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New Te Mata Peak park to bring Hawke’s Bay together


Hawke’s Bay Regional Council today announced its intent to create a new regional park, Te Rongo Regional Park, on the Eastern flank of Te Mata Peak.

Te Rongo means The Peace. 

The new park will be approximately 50 hectares (123 acres) in size and is located opposite Craggy Range Winery and adjoining the existing Te Mata Park. It includes the land upon which the controversial zigzag walking track was built, and will increase the size of park land on Te Mata Peak by nearly 50 per cent.

The land for the park is being gifted by three Hawke’s Bay businessmen - Andy Lowe, Jonathan McHardy and Michael Wilding - who have purchased the land solely for the purpose of gifting this park to all people of Hawke’s Bay to enjoy.  

The land will be held and administered on behalf of the Hawke’s Bay community by a newly-formed trust, with the founding trustees being Rex Graham, Chairman of Hawke’s Bay Regional Council, and Ngahiwi Tomoana, Chairman of Ngati Kahungunu.

The Trust’s purpose is to create a regional park with appropriate protection over culturally sensitive areas, plant native flora across the site, increase biodiversity, and provide access for the enjoyment of the whole community. It will eventually include a small carpark alongside Waimarama Road to allow for safe public access from the Eastern side.

The two founding trustees said the creation of the park was a special gift and taonga for all the people of Hawke’s Bay. They said while the process to reach this point had been painful and divisive, the creation of a new park would bring the community together around protecting and enjoying a piece of land which was very special to many people.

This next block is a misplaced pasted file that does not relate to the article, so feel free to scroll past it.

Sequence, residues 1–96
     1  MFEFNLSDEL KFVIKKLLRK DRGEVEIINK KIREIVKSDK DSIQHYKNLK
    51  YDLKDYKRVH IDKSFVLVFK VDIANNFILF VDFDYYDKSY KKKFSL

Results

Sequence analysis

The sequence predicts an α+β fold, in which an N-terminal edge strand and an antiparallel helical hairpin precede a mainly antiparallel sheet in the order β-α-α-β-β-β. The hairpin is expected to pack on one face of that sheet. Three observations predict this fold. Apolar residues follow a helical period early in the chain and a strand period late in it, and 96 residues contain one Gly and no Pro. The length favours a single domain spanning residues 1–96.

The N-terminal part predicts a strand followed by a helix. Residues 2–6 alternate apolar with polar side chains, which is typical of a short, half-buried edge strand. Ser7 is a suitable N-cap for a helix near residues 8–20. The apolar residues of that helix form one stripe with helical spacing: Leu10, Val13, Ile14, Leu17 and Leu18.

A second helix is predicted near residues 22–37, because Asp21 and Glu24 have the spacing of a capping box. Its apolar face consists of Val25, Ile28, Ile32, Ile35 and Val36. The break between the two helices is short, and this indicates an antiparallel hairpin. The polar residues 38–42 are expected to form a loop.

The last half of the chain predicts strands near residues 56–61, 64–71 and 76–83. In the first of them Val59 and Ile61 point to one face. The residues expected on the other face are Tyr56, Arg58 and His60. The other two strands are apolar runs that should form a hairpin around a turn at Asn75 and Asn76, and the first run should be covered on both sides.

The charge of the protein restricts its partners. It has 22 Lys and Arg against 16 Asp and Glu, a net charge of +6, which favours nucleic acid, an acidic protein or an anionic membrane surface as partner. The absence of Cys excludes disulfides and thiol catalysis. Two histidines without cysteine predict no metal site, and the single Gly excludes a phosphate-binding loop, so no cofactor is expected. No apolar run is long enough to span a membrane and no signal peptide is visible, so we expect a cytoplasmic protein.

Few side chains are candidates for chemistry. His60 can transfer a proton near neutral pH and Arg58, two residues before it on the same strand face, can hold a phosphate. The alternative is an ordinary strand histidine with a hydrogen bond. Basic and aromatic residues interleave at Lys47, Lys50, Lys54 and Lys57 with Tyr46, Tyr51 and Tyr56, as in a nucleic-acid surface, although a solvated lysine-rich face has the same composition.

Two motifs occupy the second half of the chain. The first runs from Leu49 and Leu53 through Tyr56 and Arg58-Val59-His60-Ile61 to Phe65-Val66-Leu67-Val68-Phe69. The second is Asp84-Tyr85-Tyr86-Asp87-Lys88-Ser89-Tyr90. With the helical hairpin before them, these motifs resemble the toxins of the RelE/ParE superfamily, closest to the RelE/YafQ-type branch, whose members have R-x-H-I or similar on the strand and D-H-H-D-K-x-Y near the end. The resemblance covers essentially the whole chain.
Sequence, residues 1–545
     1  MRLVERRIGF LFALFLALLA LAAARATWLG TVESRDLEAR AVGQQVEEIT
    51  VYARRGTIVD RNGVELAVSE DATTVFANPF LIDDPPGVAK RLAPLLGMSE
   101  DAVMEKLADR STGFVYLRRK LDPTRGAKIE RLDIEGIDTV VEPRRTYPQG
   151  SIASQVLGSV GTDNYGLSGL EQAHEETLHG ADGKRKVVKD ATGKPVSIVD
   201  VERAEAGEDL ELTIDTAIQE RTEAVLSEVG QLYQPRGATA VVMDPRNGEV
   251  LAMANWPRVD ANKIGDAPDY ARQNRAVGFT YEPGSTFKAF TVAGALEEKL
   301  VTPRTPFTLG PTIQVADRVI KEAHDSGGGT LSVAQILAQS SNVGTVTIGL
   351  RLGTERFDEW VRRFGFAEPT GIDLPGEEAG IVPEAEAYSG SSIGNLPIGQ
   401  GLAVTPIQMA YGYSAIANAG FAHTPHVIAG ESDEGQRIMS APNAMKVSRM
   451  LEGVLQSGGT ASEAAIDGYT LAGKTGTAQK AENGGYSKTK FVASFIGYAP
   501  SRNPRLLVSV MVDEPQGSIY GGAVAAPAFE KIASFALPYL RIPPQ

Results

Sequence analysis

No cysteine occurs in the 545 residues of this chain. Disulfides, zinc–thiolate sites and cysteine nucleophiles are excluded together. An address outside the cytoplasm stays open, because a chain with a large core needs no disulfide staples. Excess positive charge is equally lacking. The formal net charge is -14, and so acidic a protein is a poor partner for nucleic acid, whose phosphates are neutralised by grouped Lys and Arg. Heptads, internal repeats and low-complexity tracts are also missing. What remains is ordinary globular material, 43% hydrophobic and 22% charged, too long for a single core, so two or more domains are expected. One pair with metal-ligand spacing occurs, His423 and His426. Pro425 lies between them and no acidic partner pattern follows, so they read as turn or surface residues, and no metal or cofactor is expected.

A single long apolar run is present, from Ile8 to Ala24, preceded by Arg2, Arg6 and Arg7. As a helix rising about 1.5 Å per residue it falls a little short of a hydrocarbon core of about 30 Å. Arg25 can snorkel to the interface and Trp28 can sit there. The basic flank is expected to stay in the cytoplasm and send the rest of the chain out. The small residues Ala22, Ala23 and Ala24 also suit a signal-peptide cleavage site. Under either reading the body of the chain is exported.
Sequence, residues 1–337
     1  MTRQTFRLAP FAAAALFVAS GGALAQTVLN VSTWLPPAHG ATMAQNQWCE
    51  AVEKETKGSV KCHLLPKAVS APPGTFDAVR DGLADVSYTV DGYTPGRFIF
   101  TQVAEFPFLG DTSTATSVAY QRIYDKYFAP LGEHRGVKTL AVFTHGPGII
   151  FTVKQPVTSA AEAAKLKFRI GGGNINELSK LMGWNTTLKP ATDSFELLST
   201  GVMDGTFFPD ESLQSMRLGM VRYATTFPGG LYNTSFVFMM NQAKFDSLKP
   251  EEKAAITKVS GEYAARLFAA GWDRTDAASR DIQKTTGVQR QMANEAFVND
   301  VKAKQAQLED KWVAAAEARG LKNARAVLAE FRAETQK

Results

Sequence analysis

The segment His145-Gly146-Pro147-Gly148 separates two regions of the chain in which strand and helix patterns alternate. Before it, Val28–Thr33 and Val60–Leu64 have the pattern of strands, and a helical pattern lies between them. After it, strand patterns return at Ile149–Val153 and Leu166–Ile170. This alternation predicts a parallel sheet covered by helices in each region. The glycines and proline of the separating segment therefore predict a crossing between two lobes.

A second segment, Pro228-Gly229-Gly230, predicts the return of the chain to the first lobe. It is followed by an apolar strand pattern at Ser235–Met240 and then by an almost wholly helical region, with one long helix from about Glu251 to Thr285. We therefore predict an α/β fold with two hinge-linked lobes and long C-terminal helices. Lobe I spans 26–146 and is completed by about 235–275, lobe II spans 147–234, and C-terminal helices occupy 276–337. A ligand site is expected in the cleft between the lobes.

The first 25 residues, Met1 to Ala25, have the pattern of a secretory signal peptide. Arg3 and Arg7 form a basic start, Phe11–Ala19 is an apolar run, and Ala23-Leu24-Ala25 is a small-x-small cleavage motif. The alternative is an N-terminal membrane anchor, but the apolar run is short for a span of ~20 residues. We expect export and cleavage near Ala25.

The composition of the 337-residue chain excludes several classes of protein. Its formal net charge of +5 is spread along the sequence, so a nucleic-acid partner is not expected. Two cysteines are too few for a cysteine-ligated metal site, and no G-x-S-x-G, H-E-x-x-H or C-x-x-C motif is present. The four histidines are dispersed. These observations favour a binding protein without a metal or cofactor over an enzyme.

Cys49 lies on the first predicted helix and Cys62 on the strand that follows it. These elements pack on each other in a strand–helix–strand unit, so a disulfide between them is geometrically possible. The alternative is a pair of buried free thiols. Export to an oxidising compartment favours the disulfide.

“We have been working on this project for over a year now and we are very fortunate to be the beneficiaries of this very generous gift on behalf of all the people of Hawke’s Bay. Andy, Jonathan and Michael have invested their own money to make this happen for our whole community and we are grateful to them for their vision and commitment to our region,” said Rex Graham. 

Ngahiwi Tomoana said he was delighted that the saga of the existing walking track on the Eastern slope of Te Mata Peak, which had divided the Hawke’s Bay community, was at an end. He said he was looking forward to working with the hapu whose history is embedded in the land to ensure its cultural significance was protected for all people to enjoy.

“Today’s announcement is just the beginning of this visionary project and we now have a lot of work to do to realise the potential of this wonderful gift. The trustees are committed that this partnership will help heal the wounds and hurt that developed around the old track and bring the people of Hawke’s Bay closer together around the values we share for our land, our environment and our people,” he said.

The new park will be designed on the same model as Hawea park, currently under construction at Pakowhai. Hapu and Marae representing the mana whenua will be 50 per cent partners in the new regional park with the Hawke’s Bay Regional Council. 

The Founding Trustees said they had been waiting for the consent process to remediate the previous walking track on the land to go through its process and expect this to happen next week.

They expressed their thanks for the support from the Drabble family, Craggy Range, the Te Mata Peak People’s Track Society, the Hastings District Council, Mana whenua and the many individuals who have tried to bring people together to foster a solution to this issue.

Michael Wilding, Chief Executive of Craggy Range Winery, speaking on behalf of the three donors, said ‘we are pleased to be able to assist the Regional Council and Ngati Kahungunu in protecting a significant portion of the Eastern face of Te Mata Peak, while also providing the community with a fantastic regional park’.

“I want to thank all those involved in this project for their effort and commitment to finding a solution that represents a fantastic result for our region,” he said.

16 July 2019

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